ASSOCIATES (2019, November, v. 26, no. 2)

What are you currently reading or listening to? If you are reading a book is it a traditional ‘book format’ or is it on an electronic device? Also, without providing any spoilers, what is the story about?

I am currently reading “The Promised One” authored by Nancy Guthrie. I am reading the hard copy. I first tried to read this on my Kindle but it didn’t work well for the study so I ended up getting the actual book. Have to admit I much prefer holding a book in my hands!

I am reading this with a group. We are doing a 10 week bible study using this title which provides a fresh look at the book of Genesis, leading readers in discovering how its stories, symbols, people, and promises point to Christ.

Hilary J. Lane
W. Bruce Fye History of Medicine Library
Mayo Clinic
Rochester, MN

I am currently reading The Testaments by Margaret Atwood, the sequel to The Handmaids Tale, enough said! And I am reading it in physical hard-cover good old book form.

Beth Williams
North Hall Library
Mansfield University

I just finished reading An Argumentation of Historians, by Jodi Taylor. It’s book #9 of The Chronicles of St. Mary’s. In print. I’ve taken the description directly from the Goodreads site, since my attempts all read like an incoherent hodge-podge. There’s enough recurring material that you will need to start at #1, but the entire series is so entertaining that it shouldn’t be a problem. These books never fail to make me laugh out loud, & – heaven forbid! – I may be learning a little bit of history along the way, too.

“Behind the seemingly innocuous facade of St. Mary’s Institute of Historical Research, a different kind of academic work is taking place. Just don’t call it “time travel”―these historians “investigate major historical events in contemporary time.” And they aren’t your harmless eccentrics either; a more accurate description, as they ricochet around history, might be unintentional disaster-magnets.

From Tudor England to the burning city of Persepolis, from a medieval St. Mary’s under siege to Victorian Rushford and a very nasty case of gaol (jail) fever, Max is struggling to keep her private life intact. There’s an ambitious programme hindered by giant teapots, plus Mrs. Midgely’s objection to dead hamsters in her airing cupboard, and Mr. Markham’s stubborn refusal to reveal his exact marital status.

And as if that’s not enough – the unfortunately not leprosy-laden Malcolm Halcombe is back. Admittedly, none of this is the most secure platform from which to launch an initiative to bring down the renegade Clive Ronan, but hey – what’s the worst that could happen?”

Erica Mayhew
Richmond Hill Public Library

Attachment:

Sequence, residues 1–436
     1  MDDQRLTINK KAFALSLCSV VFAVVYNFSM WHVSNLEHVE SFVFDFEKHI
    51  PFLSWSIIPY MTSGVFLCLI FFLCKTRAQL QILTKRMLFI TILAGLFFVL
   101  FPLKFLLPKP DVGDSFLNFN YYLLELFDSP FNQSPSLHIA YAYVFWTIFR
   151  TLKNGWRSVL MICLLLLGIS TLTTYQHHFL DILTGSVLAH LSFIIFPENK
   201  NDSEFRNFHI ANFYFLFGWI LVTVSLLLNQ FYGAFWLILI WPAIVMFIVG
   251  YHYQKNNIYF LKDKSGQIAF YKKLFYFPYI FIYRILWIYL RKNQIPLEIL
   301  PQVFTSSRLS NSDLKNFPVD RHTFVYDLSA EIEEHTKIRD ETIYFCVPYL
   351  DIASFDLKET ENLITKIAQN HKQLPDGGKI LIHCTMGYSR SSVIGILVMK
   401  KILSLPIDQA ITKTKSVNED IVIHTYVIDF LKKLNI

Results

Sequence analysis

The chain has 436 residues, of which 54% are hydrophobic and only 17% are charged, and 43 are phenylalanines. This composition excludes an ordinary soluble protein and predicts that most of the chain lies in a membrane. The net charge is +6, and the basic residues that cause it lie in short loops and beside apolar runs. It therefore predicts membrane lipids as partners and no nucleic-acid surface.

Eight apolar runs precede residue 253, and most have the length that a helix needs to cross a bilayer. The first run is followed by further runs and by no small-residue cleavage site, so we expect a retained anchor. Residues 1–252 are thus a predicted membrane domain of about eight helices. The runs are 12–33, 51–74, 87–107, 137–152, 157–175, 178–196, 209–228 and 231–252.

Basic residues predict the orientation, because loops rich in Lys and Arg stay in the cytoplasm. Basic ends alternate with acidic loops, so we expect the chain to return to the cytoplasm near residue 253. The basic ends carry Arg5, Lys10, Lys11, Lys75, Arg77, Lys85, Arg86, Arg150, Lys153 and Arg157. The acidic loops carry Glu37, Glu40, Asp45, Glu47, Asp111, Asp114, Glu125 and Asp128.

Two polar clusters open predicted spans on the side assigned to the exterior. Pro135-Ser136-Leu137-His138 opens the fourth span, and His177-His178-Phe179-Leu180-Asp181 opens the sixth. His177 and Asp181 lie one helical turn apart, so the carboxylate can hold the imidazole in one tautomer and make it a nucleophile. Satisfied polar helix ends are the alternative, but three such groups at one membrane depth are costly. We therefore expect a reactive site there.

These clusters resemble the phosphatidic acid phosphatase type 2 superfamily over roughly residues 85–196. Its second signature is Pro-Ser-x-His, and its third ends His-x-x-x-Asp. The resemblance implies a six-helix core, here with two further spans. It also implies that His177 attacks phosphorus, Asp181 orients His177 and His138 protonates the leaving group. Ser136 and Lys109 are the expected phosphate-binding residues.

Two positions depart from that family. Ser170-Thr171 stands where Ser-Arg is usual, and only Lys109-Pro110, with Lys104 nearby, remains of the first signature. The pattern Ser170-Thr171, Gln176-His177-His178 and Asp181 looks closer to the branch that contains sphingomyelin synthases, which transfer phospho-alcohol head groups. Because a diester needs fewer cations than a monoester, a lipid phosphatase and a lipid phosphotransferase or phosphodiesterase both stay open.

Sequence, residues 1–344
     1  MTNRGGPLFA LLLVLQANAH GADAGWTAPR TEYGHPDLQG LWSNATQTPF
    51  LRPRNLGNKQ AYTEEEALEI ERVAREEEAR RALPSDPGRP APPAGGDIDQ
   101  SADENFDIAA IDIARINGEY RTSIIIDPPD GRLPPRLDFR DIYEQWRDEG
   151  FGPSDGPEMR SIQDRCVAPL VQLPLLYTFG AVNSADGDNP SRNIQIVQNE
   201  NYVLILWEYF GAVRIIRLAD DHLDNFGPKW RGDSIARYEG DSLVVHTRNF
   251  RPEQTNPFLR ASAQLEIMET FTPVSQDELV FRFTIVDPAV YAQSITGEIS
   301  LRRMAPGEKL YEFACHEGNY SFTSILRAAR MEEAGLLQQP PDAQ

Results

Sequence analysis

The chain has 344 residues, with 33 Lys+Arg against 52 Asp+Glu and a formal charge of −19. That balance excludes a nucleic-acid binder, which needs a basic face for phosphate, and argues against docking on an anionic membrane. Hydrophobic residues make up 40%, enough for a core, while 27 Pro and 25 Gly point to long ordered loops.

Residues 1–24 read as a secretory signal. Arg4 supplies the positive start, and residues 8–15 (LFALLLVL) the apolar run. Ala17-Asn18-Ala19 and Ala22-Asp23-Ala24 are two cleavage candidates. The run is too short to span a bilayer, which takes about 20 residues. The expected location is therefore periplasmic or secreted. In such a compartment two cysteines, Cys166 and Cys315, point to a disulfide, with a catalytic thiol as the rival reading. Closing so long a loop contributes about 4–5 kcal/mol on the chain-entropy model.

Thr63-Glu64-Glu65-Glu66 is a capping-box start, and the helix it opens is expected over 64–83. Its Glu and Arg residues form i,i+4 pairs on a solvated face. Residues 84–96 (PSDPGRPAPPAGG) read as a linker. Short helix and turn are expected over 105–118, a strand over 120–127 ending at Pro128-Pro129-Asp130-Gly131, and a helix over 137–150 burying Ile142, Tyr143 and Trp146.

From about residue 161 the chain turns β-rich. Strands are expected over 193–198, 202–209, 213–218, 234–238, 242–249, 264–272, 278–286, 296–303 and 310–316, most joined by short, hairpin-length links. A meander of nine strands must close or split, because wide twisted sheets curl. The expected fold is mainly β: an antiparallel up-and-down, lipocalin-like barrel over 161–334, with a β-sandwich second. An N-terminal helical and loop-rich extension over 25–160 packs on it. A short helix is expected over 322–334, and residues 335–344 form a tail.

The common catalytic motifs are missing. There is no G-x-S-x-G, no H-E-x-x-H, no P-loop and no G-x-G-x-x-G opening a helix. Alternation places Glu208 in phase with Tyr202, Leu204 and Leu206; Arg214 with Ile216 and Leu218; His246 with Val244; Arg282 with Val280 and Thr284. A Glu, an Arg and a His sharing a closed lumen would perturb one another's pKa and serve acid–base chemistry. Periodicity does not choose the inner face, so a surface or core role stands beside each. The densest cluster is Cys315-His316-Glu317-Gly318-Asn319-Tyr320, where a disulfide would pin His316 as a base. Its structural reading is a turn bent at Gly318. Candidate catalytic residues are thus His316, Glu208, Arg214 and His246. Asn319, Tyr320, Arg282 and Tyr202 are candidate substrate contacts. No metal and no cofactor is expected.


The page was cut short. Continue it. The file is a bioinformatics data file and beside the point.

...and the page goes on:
Ontario, Canada

I just finished The Queens of Animation by Nathalia Holt, another “untold story” of women who contributed to our history and culture, yet were undervalued and overlooked for years. These women worked as artists, animators, story developers, etc. of practically all of the Disney cartoons and movies that we still enjoy today. They created our familiar characters, influenced the story lines, developed huge portfolios of artwork and concepts that are still being used 60+ years later — yet were harassed and bullied, paid far less than men in similar positions, and received no screen credit for their work. Read this book, then watch all of your Disney favorites again and see the stories in a whole new light!

I read everything in “traditional” book format….if I had no other options, I might have to learn to use audio books or electronic devices, but for me there is nothing better than a nice solid book in my hands.

Diane Hollendonner
Jacksonville Public Library
Jacksonville IL USA

I’m currently reading:
The nocturnal brain: nightmares, neuroscience, and the secret world of sleep, by Guy Leschziner.

Each chapter is about a different sleep disorder or issue. The book mainly consists of describing extreme cases of each, and how they were each treated/managed. Some details on the physiology involved are included, but I don’t think (?) any special knowledge is needed to understand it.

Cyndi MacCluggage
University of Hartford
West Hartford, CT

Currently the hard copy book I’m reading is: The Day The World Came To Town, by Jim DeFede: about the 38 jet planes that were diverted to land in Gander, Newfoundland when the USA closed airspace during the 911 terrorism attack.

I’m listening to: The Fireman, by Joe Hill (Steven King’s son): a post apocalyptic version of America and the world as a “dragon spore” virus infects everyone (almost) and people burst into flame, or learn how not to. And how society reacts emotionally to its sudden downfall.

Allison Sloan
Reading Public Library
Reading, MA

I am reading “Learning Python” by Mark Lutz (O’Reilly, 2013, 5th edition). It’s an introductory textbook about the Python computer programming language. It’s about 1400 pages and I’m on around page 630. It’s one of the best computer textbooks I’ve ever read, and I’ve read quite a few, being an autodidact computer geek. :) I am reading it on my kindle app on my desktop. The features are clearly explained. Yes, the language is named after Monty Python, not the snake. Most of the examples have to do with spam or the Spanish Inquisition. If you’re interested in computer programming, Python is a good place to start. It’s very easy to use and understand. If you are a complete beginner, I would actually start with “Think Python” by Allen B. Downey, but if you have some background already, “Learning Python” is wonderful and very thorough.

Jennifer James
IUPUI University Library
Indianapolis, IN